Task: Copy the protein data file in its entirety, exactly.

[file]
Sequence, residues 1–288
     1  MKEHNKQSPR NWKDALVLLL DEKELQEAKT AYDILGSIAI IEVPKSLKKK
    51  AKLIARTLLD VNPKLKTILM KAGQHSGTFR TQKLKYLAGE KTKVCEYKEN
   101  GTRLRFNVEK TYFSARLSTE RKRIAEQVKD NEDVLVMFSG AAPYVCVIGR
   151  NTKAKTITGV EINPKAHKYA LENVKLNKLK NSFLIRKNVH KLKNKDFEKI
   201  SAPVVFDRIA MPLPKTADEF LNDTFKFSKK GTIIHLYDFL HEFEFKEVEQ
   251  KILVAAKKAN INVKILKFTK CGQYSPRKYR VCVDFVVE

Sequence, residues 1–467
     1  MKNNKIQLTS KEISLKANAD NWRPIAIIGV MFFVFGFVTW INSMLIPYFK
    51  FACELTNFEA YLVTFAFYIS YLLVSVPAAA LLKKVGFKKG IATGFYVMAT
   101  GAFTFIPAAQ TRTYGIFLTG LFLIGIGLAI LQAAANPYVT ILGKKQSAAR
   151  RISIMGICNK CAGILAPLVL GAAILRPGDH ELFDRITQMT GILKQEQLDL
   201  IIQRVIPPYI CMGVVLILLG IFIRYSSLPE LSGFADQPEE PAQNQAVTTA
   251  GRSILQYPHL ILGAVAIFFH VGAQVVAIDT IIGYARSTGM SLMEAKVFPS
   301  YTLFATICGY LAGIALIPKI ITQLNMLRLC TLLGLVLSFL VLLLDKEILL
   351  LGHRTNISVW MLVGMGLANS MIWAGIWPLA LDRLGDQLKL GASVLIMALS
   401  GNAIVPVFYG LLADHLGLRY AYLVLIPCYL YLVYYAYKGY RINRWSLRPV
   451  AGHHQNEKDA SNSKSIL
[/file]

Sequence, residues 1–288
     1  MKEHNKQSPR NWKDALVLLL DEKELQEAKT AYDILGSIAI IEVPKSLKKK
    51  AKLIARTLLD VNPKLKTILM KAGQHSGTFR TQKLKYLAGE KTKVCEYKEN
   101  GTRLRFNVEK TYFSARLSTE RKRIAEQVKD NEDVLVMFSG AAPYVCVIGR
   151  NTKAKTITGV EINPKAHKYA LENVKLNKLK NSFLIRKNVH KLKNKDFEKI
   201  SAPVVFDRIA MPLPKTADEF LNDTFKFSKK GTIIHLYDFL HEFEFKEVEQ
   251  KILVAAKKAN INVKILKFTK CGQYSPRKYR VCVDFVVE

Sequence, residues 1–467
     1  MKNNKIQLTS KEISLKANAD NWRPIAIIGV MFFVFGFVTW INSMLIPYFK
    51  FACELTNFEA YLVTFAFYIS YLLVSVPAAA LLKKVGFKKG IATGFYVMAT
   101  GAFTFIPAAQ TRTYGIFLTG LFLIGIGLAI LQAAANPYVT ILGKKQSAAR
   151  RISIMGICNK CAGILAPLVL GAAILRPGDH ELFDRITQMT GILKQEQLDL
   201  IIQRVIPPYI CMGVVLILLG IFIRYSSLPE LSGFADQPEE PAQNQAVTTA
   251  GRSILQYPHL ILGAVAIFFH VGAQVVAIDT IIGYARSTGM SLMEAKVFPS
   301  YTLFATICGY LAGIALIPKI ITQLNMLRLC TLLGLVLSFL VLLLDKEILL
   351  LGHRTNISVW MLVGMGLANS MIWAGIWPLA LDRLGDQLKL GASVLIMALS
   401  GNAIVPVFYG LLADHLGLRY AYLVLIPCYL YLVYYAYKGY RINRWSLRPV
   451  AGHHQNEKDA SNSKSIL